Immediately following the official announcement of Majora’s Mask 3D, long-time supporters of a Majora’s Mask remake went through a flurry of thoughts, emotions, and questions; some wanted to know for how long this game had been gestating, others were simply and shock, but nearly all were elated. Not the least of these fans were the ardent supporters of the Operation Moonfall movement.
For those who are unaware of this movement, know that it was a fan-based movement started back in 2011 in an effort to get a remake of Majora’s Mask on the 3DS, much in the same way that Ocarina of Time received one. Following last week’s news, some supporters were quick to assume that Operation Moonfall did have a significant impact on the decision to create the game; Nintendo was certainly aware of the movement. And yet, a statement by Eiji Aonuma a few days ago made it clear that the decision that to develop the remake was made well before Operation Moonfall reached its prime.
So is that the end of the story? Does the fact the Majora’s Mask 3D was in development the whole time OM was in process mean that it didn’t matter? Many fans have made it clear that they believe so, pointing out the obvious conclusion and gloating about it to their OM-supporting peers, and with fair reason. Some OM supporters undoubtedly are going (or have already gone ) through an identity crisis of sorts, uncertain of whether or not the movement was in vain. This, however, should not be over-dramatized; Operation Moonfall’s main supports ended over a year ago and for many it was simply a signature on a petition and a hope for a game.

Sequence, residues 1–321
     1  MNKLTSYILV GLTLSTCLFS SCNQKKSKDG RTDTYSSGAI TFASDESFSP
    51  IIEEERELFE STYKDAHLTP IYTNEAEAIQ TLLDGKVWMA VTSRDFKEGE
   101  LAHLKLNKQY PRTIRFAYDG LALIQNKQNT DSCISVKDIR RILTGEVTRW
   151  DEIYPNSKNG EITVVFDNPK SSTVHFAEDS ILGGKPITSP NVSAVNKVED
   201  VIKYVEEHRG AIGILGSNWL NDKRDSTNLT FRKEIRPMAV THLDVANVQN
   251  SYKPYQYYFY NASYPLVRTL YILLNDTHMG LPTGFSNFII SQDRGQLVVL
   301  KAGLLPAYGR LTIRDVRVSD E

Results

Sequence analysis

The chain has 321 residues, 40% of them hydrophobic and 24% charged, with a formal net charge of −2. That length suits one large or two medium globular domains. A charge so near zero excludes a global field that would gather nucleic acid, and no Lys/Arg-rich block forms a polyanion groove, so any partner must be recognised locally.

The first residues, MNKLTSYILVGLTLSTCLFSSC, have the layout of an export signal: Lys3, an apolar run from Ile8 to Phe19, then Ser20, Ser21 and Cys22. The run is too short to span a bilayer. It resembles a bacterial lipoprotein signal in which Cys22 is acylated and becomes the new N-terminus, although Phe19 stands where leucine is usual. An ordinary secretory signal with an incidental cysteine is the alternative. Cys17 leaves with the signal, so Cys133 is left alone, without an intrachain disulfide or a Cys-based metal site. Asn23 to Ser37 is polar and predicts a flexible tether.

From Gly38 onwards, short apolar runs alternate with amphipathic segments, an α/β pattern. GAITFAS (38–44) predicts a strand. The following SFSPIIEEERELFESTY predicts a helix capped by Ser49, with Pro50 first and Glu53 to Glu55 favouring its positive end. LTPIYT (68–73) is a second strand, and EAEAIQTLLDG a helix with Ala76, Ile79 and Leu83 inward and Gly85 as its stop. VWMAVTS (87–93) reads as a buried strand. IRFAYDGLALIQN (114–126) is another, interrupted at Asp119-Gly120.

For the founders of the movement, such as our own Nathaniel Rumphol-Janc, this should be a rather large and crushing blow – and yet it isn’t. Like most all in the fan community, the leaders of the Operation Moonfall movement are simply thrilled that this wasn’t all just a pipe dream; Majora’s Mask 3D is actually happening. And they are looking forward to playing it just as much as everyone else – not to mention sharing any and all news they learn about it.
As one who was never part of Operation Moonfall – although I was certainly aware of it – I am happy that the movement existed. Although it is far too early to tell whether the movement pushed development ideas or was purposely utilized by Nintendo to aid marketing for the game (the latter of which we will likely never uncover), one thing was made clear: the Zelda community and its fans are strong and supportive. From kickstarters, to art, to the main petition, it became clear just how important incredible series can be to people, and that alone is worth celebrating.
Never having played the original, I am thrilled to finally have my curiosity surrounding Majora’s Mask sated this coming Spring, perhaps sooner if I sit down and take the time to play through the N64 version. And I thank Operation Moonfall for drawing me further into the Zelda fandom, making me question this unusual title, and eventually leading me to write and collect news for the series I love. So here I ask you, those who supported OM, those who laughed at it, and those who simply knew about it in passing: Did Operation Moonfall Matter?